MANAMA, Bahrain — Businessmen, reporters, five rabbis and a senior White House official held rare morning prayers at the only officially declared synagogue in the Gulf Wednesday, on the edges of a peace conference being held in the tiny gulf kingdom that was once home to a thriving Jewish community.
At the end of the service, which took place on the sidelines of the US administration’s economic peace workshop held in Bahraini capital Manama, the men, clad in prayer shawls and phylacteries, broke out in song, walking around the bimah and singing “Am Yisrael Chai” — the people of Israel live.
The rare service was organized by this Times of Israel correspondent, with the help of Bahraini diplomat Houda Nonoo, who is Jewish, and the approval of authorities in Manama.
Rabbi Marvin Hier of the Simon Wiesenthal Center led prayers. After the service, one of the worshipers gave a sermon about the weekly Torah reading.
Prayers are not held on a regular basis at the synagogue, and are usually even closed for holidays and opened only for special occasions. The building housing the synagogue is unmarked.
Among the worshipers were Jason Greenblatt, US President Donald Trump’s special adviser for Middle East peace; interfaith activist Rabbi Marc Schneier; Middle East scholar David Makovsky; New York Times Jerusalem bureau chief David Halbfinger; and a handful of Israeli businessmen and reporters attending the conference.
Greenblatt wrote on Twitter that he prayed for his family and for peace. “This is an example of the future we can all build together,” he wrote.
A special opportunity to daven(pray) this morning with a minyan(quorum) in a synagogue in Bahrain. Great way to start today. I was asked what I prayed for- two things: my family, who I miss deeply and of course for peace. This is an example of the future we can all build together pic.twitter.com/kqHlEZyvoT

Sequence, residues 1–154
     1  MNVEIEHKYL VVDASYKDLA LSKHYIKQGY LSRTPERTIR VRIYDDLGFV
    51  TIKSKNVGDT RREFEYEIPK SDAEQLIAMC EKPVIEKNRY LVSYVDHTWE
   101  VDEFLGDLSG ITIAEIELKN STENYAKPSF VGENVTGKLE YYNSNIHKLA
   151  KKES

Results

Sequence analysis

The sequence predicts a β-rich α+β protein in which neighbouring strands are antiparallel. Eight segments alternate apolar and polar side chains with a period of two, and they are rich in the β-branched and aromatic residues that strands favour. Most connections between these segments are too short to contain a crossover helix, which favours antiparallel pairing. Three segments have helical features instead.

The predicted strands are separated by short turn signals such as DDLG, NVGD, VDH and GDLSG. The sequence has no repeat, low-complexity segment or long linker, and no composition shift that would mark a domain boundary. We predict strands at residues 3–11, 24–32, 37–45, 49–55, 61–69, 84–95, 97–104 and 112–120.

— Jason D. Greenblatt (@jdgreenblatt45) June 26, 2019
“That’s the secret of the Jewish people — whenever you step into a shul, wherever you are in the world, you feel like home,” said Rabbi Abraham Cooper, also from the Wiesenthal Center.
The Manama synagogue was built in the 1930s. It was ransacked in 1947 in the wake of the United Nations Partition Plan that called for the creation of both a Jewish and a Palestinian state within British Mandatory Palestine.
Nonoo, who served as Bahrain’s US ambassador a decade ago, and arranged for the synagogue to be opened on Wednesday, said that the prayer service was an emotional occasion for her.
“I was very moved. It’s a historic moment. For the first time in my life, I saw a prayer service with a minyan in my synagogue,” Nonoo told The Times of Israel, using the Hebrew term for the quorum of 10 men required for a full Jewish service.
The synagogue, located on Manama’s Sasaah Avenue, was renovated in 1997 and counts 34 members in its community. Prior to 1947, at its peak the community counted 1,500 Jews, mainly of Iraqi origin.
“I was very moved by the united sense of Jews from all over, getting together in a synagogue that hasn’t had a minyan in close to 75 years, and singing together Am yisrael Chai,” said Canadian businessman Mayer Gniwish, who is also a rabbi.
Bahrain has the only indigenous Jewish community in the Gulf, though Jewish businessmen, mainly from the US, frequent the region in increasing numbers.
Ten years ago, the Dubai Synagogue began operating as the sole institution of the Jewish community of the Emirates, welcoming veteran and temporary residents, as well as those on visits for business and pleasure.
The Trump administration kicked off its Israeli-Palestinian peace bid in Manama Tuesday, hoping to drum up billions of dollars to support a vision of a thriving Palestinian economy should a peace deal be reached.
The White House invited no Israeli officials, but Israeli members of the press, businessmen and civil society representatives are in attendance.
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